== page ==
On a day when the Bucs honored America's veterans, Tampa Bay wide receiver Mike Evans started his own fight.
Evans sat on the bench, his ball cap removed, for the national anthem Sunday as a protest against Donald Trump being elected president. Evans called Trump's election a "joke." He said, "America's not right, right now."
Your reaction might depend on how you voted. If you voted for Trump, you probably see Evans as a spoiled athlete who is out of touch with a struggling working-class America, an America unhappy with its lot in life, an America that can't stand Washington's status quo and crooked political machine.
If you voted for Hillary Clinton, you likely feel exactly the same as Evans, still unable to comprehend that Americans actually would elect Trump as president after the things he said during a divisive campaign, that Americans would elect someone some consider sexist and a racist and totally unfit to run the nation.
Half the people out there — many of them good people with good hearts — agree with Evans with every fiber of their being. The other half — many of them good people with good hearts — do not agree, with just as much resolve. And that defines what these past 18 months have been about. Good and decent people seeing things differently.
This is a divided country and that has bled over to sports. Evans isn't first and won't be the last athlete to speak out.
Evans should be respected for exercising his First Amendment rights. No one should have an issue with that, even if they disagree with his specific stance.
At the same time, no one should have a problem with Evans' teammate, offensive tackle Demar Dotson, for supporting Trump's presidency. Last week, Dotson was lambasted on social media for backing Trump.
Evans and Dotson are equally American and equally good guys. There is nothing evil about either.
Maybe that's the most important lesson here, that good people who pretty much care about the same things can see things differently and, yet, that doesn't make either any less decent.
This is the America we live in, a country where it's quite likely that the person who lives next door to you, who sits next to you at work or church, who stands behind you in the check-out line or, in some cases, stands next to you in a huddle, voted for someone different.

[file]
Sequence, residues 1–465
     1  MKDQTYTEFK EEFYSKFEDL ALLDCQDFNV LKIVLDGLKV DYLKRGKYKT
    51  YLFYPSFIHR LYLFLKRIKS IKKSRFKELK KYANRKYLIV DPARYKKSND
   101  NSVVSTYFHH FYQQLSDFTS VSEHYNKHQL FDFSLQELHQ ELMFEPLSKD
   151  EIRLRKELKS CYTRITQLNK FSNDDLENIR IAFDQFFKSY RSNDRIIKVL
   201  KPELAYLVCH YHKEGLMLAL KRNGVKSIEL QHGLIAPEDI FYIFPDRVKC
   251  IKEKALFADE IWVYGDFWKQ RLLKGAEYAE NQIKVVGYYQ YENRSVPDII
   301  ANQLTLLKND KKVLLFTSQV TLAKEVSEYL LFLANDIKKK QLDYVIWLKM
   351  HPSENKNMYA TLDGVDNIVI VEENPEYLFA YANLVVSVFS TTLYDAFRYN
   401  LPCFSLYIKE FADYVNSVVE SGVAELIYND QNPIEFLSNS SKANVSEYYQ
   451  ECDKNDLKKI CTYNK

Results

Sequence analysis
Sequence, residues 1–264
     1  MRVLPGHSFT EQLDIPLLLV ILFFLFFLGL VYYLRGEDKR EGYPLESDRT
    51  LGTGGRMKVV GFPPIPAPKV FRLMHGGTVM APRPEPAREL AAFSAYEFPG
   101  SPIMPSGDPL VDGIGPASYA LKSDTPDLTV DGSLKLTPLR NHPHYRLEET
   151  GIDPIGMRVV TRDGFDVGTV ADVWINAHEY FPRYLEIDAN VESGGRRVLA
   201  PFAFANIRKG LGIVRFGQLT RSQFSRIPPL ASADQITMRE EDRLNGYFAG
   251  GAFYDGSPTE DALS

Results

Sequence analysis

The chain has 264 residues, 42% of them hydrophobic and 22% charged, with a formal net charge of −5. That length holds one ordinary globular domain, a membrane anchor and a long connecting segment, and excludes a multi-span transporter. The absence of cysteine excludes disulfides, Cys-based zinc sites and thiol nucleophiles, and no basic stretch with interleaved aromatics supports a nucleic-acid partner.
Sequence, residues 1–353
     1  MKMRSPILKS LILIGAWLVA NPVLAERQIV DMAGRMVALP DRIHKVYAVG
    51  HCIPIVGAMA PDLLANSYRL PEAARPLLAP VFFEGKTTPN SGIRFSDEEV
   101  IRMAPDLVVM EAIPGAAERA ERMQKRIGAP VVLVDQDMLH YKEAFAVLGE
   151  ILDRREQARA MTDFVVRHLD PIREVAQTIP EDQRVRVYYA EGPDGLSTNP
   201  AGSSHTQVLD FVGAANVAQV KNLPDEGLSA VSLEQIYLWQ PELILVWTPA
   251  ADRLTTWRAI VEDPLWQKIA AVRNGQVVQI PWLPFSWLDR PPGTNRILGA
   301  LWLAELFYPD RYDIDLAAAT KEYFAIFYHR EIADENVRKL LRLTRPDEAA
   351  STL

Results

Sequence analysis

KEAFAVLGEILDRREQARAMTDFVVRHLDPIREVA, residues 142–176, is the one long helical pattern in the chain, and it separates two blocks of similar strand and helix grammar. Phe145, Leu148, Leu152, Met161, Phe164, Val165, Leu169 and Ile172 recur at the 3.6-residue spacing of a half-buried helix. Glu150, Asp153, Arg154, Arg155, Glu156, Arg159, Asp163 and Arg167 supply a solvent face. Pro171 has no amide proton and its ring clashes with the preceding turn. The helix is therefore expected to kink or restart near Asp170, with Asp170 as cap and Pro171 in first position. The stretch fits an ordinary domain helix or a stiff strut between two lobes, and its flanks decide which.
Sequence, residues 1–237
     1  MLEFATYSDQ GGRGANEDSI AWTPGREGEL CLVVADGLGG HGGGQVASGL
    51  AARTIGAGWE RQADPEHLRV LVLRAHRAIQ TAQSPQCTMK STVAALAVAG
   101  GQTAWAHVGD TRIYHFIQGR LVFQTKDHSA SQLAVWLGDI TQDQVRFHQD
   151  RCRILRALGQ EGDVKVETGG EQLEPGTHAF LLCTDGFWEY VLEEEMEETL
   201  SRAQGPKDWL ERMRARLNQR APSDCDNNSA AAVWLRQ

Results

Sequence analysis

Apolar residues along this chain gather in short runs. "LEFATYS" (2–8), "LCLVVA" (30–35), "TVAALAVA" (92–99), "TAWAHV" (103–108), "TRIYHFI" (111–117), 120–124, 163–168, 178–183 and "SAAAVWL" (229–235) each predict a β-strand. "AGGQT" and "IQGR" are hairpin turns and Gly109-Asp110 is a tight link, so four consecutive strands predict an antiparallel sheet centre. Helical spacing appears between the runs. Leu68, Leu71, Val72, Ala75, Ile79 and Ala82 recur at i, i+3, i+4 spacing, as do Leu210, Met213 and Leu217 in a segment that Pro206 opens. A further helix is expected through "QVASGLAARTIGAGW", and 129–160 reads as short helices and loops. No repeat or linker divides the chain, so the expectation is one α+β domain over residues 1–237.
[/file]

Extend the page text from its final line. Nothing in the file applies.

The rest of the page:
Ultimately, these are two teammates, working toward a common goal, who bleed and sweat and fight alongside one another, and who just happen to view our country in different ways. Their similarities are so much greater than their differences, just as you have so much in common with your neighbor.
But it's critical that we let everyone express themselves as long as it's done in a peaceful way. That means tolerating Evans not standing during the anthem. That means allowing Dotson to support Trump without calling him names on Twitter.
Evans will be criticized for this, just as Dotson was criticized. That's the real shame.
How can we brag about how great this country is if our immediate reaction is to silence those who stand up for something they believe in just because it opposes our stance?
Maybe as soon as we realize that we're all essentially good people who want the same things out of life we'll listen more than we shout, we'll smile more than we'll shake our fist, we'll reach out rather than push away. Then we have a chance to move forward.
Then you can stand and cheer both Mike Evans and Demar Dotson.